JOHNSTOWN - The Common Council recently authorized a $273,000 agreement with a St. Johnsville construction firm to replace two worn out filters at the city's Cork Center Water Treatment Plant.
The resolution approved at a special council meeting at City Hall allowed Mayor Michael Julius to sign an agreement with Jablonski Excavating Inc. for a filter media replacement project at the Cork Center reservoir. The company was the low bidder for the project from sealed bids opened April 9.
C.T. Male Associates of Latham, the city Water Board's project consultant, previously recommended the board accept the Jablonski bid. The board accepted the bid April 14 and passed it on to the council for its final contractual approval.
"We have slow sand filtration," Water Department Senior Plant Operator Michael Hlozansky said Tuesday. "We're in our 21st year. We're now doing a sand replacement."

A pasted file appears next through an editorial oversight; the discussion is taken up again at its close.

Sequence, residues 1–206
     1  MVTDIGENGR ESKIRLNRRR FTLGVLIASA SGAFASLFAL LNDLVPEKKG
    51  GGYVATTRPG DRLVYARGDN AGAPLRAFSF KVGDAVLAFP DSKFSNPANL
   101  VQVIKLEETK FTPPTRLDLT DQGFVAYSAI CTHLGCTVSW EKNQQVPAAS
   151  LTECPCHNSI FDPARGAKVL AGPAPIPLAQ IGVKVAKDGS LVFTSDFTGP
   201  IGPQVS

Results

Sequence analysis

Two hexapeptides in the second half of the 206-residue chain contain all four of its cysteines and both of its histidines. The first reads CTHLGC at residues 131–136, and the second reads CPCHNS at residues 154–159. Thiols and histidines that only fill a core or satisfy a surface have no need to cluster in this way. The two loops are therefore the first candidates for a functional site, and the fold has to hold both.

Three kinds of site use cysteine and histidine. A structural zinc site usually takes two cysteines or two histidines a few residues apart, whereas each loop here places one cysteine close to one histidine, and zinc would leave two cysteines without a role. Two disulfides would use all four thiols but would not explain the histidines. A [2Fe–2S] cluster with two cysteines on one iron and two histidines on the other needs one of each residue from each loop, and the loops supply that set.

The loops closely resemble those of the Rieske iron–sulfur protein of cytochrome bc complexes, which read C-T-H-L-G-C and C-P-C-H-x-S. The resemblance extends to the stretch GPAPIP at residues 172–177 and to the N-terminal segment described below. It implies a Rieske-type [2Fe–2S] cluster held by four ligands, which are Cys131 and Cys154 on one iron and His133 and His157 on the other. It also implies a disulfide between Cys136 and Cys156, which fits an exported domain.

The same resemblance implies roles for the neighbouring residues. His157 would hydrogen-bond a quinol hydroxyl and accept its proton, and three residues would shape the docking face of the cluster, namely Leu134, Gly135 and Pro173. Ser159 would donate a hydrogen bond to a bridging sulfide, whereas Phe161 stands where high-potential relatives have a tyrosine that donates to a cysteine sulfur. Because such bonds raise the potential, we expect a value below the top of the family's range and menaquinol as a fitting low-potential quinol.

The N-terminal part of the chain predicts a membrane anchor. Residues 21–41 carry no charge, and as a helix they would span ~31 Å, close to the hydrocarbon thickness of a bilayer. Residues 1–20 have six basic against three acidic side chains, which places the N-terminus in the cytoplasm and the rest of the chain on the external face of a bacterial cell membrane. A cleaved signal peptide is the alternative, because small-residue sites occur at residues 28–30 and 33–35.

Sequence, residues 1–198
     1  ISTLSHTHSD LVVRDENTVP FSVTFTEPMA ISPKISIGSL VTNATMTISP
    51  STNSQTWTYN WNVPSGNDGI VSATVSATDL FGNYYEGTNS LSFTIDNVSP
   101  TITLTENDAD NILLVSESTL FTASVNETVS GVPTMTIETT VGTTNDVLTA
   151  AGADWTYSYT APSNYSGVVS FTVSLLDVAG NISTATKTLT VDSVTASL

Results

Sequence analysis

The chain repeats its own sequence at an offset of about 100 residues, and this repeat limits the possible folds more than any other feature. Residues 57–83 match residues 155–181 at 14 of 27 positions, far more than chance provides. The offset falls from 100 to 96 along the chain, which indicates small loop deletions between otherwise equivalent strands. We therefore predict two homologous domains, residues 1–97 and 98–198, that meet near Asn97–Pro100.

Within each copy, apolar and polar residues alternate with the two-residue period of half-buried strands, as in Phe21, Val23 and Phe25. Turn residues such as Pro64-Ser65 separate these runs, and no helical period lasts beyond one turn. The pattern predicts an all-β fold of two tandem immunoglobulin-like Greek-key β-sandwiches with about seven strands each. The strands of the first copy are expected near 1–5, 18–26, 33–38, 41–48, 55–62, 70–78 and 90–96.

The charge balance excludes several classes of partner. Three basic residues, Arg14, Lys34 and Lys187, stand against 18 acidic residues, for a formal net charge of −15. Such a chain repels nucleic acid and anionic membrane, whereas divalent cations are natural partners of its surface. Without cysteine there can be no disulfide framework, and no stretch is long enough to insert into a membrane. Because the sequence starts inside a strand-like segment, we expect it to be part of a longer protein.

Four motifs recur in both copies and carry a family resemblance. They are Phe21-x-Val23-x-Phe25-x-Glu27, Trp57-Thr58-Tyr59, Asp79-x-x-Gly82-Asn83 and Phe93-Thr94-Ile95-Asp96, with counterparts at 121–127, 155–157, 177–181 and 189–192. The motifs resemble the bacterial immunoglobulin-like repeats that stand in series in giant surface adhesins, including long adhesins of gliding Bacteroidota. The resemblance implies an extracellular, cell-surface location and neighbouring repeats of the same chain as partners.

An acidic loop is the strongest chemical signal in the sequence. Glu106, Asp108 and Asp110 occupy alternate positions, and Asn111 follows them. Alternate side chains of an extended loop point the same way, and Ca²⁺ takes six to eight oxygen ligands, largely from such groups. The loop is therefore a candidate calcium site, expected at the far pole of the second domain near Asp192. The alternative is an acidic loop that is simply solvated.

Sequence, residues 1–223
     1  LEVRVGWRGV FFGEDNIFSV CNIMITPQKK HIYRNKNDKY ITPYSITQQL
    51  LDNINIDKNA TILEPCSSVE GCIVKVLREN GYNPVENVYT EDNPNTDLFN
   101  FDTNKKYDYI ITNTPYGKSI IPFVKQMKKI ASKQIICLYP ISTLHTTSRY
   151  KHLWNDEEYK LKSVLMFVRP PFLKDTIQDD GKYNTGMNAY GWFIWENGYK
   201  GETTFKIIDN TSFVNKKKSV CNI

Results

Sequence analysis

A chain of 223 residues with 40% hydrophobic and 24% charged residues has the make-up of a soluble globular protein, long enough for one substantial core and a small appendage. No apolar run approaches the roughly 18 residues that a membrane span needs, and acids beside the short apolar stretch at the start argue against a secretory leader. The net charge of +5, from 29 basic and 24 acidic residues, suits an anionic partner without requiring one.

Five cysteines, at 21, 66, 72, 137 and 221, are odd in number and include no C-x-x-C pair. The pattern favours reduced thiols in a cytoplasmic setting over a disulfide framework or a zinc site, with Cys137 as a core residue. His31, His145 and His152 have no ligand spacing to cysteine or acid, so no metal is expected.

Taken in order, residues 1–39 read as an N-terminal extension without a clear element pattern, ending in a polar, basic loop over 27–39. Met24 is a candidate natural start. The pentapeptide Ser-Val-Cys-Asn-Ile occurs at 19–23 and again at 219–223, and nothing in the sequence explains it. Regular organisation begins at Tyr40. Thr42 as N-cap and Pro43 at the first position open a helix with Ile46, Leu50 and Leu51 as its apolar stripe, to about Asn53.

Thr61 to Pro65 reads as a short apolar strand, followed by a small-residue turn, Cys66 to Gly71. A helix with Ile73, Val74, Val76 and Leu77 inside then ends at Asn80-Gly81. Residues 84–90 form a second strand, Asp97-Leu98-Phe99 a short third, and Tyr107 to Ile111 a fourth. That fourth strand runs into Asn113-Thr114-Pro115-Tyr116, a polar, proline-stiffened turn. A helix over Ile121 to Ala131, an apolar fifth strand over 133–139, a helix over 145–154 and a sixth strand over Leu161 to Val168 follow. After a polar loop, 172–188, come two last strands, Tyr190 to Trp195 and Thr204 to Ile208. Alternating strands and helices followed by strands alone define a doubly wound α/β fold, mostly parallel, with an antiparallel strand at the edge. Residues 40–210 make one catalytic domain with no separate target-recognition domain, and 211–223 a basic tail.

Hlozansky said there are four filters at Cork Center, but two are being replaced by Jablonski Excavating because they are worn out.
"The reason for this [project] is age," he said.
Second Ward Councilwoman Kathi Iannotti, the council's liaison to the Water Board, said filters one and two will be done first, and filters three and four will be done in-house by department staff.
The city operates two slow sand filtration plants located west of the city in the town of Johnstown. They obtain their raw water from three separate sources: Cork Center, with a 140 million-gallon capacity; Christman reservoir, with a 10 million-gallon capacity; and Larrabee Reservoir, with a 40 million-gallon capacity. Water flows by gravity feed from the reservoir to each of the slow sand filtration plants.
Water is filtered through sand to remove any small particles and then disinfected with chlorine to protect against any contamination from harmful bacteria and other organisms.